This court finds that Automat
consented to a relationship with
respondent spouses when (a)
through
petitioner
Lim,
it
constituted respondent Ofelia dela
Cruz as caretaker of the property

with the understanding that she
would vacate when asked by
Automat, and (b) it accepted rental
payments from respondent spouses.
(Other requisites were no longer discussed by SC)
Respondent spouses were allowed to stay in the property as caretakers and, in turn, they paid petitioners
rent for their use of the property. Petitioners' acceptance of rental payments may be considered as ratification of an
unwritten lease agreement whose period depends on their agreed frequency of rental payments. However, this court
is not a trier of facts and can only entertain questions of law. The causes of action of respondent spouses, if these can
be supported by the facts and evidence, may be pursued in the proper case either under builder, planter, or sower
provisions, or civil lease provisions before the proper court.

2.

The DAR exemption orders have determined with certainty that the lands were reclassified as nonagricultural prior to June 15, 1988. Consequently, the petition filed by respondent spouses in 2000
before the PARAD did not involve "lands devoted to agriculture" and, necessarily, it could not have
involved any controversy relating to such land. Absent an "agrarian dispute," the instant case cannot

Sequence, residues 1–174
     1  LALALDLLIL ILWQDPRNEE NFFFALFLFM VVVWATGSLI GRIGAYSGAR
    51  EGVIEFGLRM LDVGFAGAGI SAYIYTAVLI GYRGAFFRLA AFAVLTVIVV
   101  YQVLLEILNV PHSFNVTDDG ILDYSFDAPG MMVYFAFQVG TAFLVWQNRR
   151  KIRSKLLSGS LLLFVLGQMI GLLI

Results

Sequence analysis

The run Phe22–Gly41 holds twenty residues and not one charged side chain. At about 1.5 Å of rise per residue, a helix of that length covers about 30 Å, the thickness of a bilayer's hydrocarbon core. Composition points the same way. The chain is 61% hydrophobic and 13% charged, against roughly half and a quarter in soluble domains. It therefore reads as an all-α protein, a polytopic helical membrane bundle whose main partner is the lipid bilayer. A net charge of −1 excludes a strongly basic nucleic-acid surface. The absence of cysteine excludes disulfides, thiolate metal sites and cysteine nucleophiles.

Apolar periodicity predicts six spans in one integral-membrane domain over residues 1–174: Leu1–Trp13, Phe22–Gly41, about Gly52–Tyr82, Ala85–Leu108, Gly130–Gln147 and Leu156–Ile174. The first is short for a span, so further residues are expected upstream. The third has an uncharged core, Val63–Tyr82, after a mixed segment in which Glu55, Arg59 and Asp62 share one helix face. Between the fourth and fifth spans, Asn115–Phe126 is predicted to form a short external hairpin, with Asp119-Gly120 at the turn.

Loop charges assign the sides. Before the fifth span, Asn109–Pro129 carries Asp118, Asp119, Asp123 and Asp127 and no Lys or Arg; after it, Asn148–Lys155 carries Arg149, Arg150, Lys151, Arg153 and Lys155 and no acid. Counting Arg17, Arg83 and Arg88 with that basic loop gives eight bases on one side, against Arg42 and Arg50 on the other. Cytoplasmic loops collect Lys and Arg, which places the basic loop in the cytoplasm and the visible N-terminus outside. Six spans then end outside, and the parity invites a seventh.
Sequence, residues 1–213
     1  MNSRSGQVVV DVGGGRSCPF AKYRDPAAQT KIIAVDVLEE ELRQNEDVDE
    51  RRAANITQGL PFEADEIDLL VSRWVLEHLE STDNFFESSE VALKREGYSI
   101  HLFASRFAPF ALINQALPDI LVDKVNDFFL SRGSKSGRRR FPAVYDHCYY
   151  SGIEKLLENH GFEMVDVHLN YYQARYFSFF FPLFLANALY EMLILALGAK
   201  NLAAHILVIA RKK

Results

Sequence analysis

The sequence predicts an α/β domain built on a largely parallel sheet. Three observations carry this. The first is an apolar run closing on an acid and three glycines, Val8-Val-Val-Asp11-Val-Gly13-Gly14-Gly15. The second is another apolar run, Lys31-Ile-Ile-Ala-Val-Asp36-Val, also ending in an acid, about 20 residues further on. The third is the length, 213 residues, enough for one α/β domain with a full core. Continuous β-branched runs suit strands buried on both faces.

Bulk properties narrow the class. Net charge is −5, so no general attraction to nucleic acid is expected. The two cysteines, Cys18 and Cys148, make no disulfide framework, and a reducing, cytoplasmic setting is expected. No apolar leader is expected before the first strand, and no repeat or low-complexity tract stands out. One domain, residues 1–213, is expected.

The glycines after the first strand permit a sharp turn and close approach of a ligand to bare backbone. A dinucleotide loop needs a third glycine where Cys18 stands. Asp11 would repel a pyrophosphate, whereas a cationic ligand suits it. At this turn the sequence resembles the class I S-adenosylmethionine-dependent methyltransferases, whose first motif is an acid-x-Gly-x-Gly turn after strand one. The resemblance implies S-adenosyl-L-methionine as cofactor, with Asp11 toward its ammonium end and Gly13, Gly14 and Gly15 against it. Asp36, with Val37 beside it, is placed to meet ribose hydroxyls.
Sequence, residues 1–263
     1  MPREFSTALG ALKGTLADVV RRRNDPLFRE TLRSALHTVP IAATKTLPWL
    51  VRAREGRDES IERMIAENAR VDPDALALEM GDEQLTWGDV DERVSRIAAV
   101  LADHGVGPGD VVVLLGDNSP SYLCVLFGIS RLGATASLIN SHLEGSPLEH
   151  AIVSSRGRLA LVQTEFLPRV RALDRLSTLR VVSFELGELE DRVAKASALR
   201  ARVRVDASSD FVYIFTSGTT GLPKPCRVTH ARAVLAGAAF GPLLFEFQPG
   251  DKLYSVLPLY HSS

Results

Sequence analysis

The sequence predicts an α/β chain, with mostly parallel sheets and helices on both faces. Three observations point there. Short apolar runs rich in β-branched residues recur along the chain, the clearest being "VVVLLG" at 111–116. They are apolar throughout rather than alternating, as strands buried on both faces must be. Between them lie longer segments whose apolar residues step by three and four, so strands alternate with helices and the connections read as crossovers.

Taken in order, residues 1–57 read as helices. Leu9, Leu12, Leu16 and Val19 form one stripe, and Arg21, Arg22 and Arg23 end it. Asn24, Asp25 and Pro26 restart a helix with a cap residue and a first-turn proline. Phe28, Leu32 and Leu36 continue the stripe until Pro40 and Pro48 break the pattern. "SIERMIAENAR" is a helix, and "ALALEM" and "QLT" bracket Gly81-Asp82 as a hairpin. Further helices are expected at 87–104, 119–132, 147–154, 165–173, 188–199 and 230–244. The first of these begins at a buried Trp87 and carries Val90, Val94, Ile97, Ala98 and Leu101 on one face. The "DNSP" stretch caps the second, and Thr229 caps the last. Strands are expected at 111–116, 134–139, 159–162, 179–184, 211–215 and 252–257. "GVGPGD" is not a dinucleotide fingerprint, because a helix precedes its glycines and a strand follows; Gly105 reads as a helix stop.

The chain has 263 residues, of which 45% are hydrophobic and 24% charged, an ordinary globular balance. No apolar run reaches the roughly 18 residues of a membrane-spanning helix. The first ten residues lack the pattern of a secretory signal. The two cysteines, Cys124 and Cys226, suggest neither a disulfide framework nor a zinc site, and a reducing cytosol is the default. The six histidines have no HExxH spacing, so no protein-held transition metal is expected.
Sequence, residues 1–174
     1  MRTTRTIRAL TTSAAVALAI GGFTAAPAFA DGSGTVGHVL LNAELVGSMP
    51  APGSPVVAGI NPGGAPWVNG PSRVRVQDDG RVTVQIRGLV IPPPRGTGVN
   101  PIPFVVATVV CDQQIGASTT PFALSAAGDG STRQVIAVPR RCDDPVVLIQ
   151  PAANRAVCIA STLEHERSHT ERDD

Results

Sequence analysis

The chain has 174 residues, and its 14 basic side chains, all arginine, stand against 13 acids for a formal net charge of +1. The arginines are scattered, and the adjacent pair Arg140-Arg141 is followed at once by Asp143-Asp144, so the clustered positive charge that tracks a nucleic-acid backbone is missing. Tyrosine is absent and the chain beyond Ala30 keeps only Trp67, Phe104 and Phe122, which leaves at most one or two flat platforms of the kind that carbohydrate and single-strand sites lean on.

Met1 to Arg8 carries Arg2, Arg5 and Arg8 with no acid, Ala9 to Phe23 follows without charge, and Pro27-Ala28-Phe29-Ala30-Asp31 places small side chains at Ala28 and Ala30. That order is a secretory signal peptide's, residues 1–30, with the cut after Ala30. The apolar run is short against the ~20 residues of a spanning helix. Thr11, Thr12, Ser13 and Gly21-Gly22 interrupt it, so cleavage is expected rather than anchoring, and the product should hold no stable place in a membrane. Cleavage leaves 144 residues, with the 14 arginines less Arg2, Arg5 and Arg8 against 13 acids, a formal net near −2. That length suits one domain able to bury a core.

fall under the limited jurisdiction of the DARAB as a quasi-judicial body.

The DARAB has "primary and exclusive jurisdiction, both original and appellate, to determine and adjudicate
all agrarian disputes involving the implementation of the [CARP] . . . and other agrarian laws and their
implementing rules and regulations1.
"Agrarian dispute" has been defined under Section 3 (d) of Republic Act No. 6657 as referring to "any
controversy relating to tenurial arrangements, whether leasehold, tenancy, stewardship or otherwise, over lands
devoted to agriculture. . . ." This court has held that "jurisdiction of a tribunal, including a quasi-judicial office or
government agency, over the nature and subject matter of a petition or complaint is determined by the material
allegations therein and the character of the relief prayed for irrespective of whether the petitioner or complainant
entitled to any or all such reliefs."

1

SECTION 1. Primary and Exclusive Original and Appellate Jurisdiction. — The Board shall have primary and exclusive
jurisdiction, both original and appellate, to determine and adjudicate all agrarian disputes involving the implementation of the
Comprehensive Agrarian Reform Program (CARP) under Republic Act No. 6657, Executive Order Nos. 228, 229, and 129-A, Republic
Act No. 3844 as amended by Republic Act No. 6389, Presidential Decree No. 27 and other agrarian laws and their implementing
rules and regulations. Specifically, such jurisdiction shall include but not be limited to cases involving the following:
a) The rights and obligations of persons, whether natural or juridical, engaged in the management, cultivation and use of all